Priced at $170, the Bunn Velocity Brew BT lacks premium styling but makes up for it by conjuring excellent drip coffee 10 cups at a time.
I suspect many of you in the market for a new coffee maker would equally appreciate sophisticated looks as much as the ability to brew a delicious pot of java. If you're one of this discriminating breed of appliance consumer, then the $170 Bunn Velocity Brew BT is not for you. It's big, has a long and blocky frame, uses plenty of flimsy-feeling plastic parts, plus it lacks a screen, clock, or even buttons.
That said, even the most snobbish coffee drinker won't be able to ignore the Velocity Brew BT's ability to create 10 cups of truly scrumptious joe in than three and a half minutes. That's why this gadget is easy to recommend as a reliable drip workhorse. It just won't serve double duty as a personal design statement. Also be sure to check out other high-end coffee makers we've reviewed.
The Bunn Velocity Brew BT's design is modest, even misleadingly basic. First of all it's large, almost comically so. Standing 15 inches tall, 7 inches wide, and a long 13 inches deep, the Velocity Brew isn't what you'd call "compact." While similar in height to other drip machines such as the Capresso MT600 (14 inches) and Melitta 10-Cup Thermal (14.5 inches), the Velocity Brew BT's shape is extremely oblong. Indeed, the appliance's unconventional body is practically twice as deep as those two products. You'll certainly have to consider the BT's rather massive impact on your kitchen counter space wisely.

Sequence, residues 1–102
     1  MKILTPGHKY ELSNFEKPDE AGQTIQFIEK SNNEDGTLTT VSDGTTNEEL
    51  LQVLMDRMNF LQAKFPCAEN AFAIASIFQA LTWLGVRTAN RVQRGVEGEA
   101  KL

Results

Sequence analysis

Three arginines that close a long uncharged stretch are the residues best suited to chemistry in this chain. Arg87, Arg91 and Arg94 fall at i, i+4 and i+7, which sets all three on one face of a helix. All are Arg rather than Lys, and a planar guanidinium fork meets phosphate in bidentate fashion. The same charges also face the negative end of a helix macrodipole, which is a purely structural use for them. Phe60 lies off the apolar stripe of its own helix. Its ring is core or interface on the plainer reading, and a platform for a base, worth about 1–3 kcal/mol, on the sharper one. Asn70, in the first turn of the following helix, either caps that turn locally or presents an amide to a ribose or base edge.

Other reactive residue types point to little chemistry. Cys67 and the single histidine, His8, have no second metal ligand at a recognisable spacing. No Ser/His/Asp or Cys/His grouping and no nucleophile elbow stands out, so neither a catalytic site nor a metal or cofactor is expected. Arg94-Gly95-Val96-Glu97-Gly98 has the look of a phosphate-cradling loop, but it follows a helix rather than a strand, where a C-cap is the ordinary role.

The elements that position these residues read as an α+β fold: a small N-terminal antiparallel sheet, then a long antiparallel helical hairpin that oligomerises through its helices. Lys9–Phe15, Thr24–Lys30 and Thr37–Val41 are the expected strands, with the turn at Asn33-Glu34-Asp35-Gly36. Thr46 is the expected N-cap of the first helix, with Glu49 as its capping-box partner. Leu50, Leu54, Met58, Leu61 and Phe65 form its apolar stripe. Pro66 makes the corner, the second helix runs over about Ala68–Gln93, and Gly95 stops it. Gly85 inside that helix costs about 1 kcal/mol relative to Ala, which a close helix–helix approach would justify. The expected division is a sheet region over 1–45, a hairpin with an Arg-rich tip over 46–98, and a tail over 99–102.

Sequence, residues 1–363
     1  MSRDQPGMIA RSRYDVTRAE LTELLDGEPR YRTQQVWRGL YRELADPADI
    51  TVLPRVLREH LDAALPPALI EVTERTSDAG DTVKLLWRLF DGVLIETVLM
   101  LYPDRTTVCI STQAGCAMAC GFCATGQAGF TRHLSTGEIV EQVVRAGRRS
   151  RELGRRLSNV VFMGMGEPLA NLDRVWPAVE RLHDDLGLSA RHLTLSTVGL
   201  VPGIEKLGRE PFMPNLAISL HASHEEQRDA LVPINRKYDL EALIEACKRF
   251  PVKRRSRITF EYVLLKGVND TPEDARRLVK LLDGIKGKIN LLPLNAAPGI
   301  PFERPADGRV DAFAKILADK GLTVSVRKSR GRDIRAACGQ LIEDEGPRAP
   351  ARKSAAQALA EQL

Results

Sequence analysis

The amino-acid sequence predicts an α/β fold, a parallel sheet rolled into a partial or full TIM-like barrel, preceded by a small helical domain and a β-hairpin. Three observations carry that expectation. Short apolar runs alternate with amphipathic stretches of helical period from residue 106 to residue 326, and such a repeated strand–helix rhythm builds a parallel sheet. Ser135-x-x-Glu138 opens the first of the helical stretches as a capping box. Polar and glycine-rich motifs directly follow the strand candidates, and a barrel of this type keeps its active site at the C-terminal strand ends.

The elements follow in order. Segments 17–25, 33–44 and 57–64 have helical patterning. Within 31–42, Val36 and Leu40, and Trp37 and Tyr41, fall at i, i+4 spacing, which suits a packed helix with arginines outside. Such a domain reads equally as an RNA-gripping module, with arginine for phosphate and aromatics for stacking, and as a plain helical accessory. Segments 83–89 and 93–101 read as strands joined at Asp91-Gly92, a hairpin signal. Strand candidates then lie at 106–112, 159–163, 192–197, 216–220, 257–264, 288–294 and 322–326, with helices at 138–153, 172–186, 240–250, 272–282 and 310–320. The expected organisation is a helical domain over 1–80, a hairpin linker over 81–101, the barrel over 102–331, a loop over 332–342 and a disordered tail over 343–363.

Second, the Bunn Velocity Brew BT's boxy front face and lightweight plastic top half give it an undeniably toylike aesthetic. Heightening the BT's play-kitchen appearance is the way the coffee maker's polycarbonate lid, and entire top surface, for that matter, flex easily with the slightest bit of downward pressure.
And like the Melitta 10-Cup, the only expensive-looking parts on the Velocity Brew are the silver brushed-metallic highlights. In the BT's case this includes the large water tank (located in the rear) and the vacuum-insulated thermal carafe. I also found the thin plastic brew funnel disconcertingly pliable, flexing in my hands with a gentle twist. The thermal carafe in the Bunn is well constructed and solid-feeling, though. I also like that its swivel-on lid is a breeze to screw tight and pours with dreamlike accuracy.
You'll find no snazzy LCD screens, clocks, lights, or indicators of any kind on this monolithic appliance--only one unlabeled power switch placed at the base of the water tank.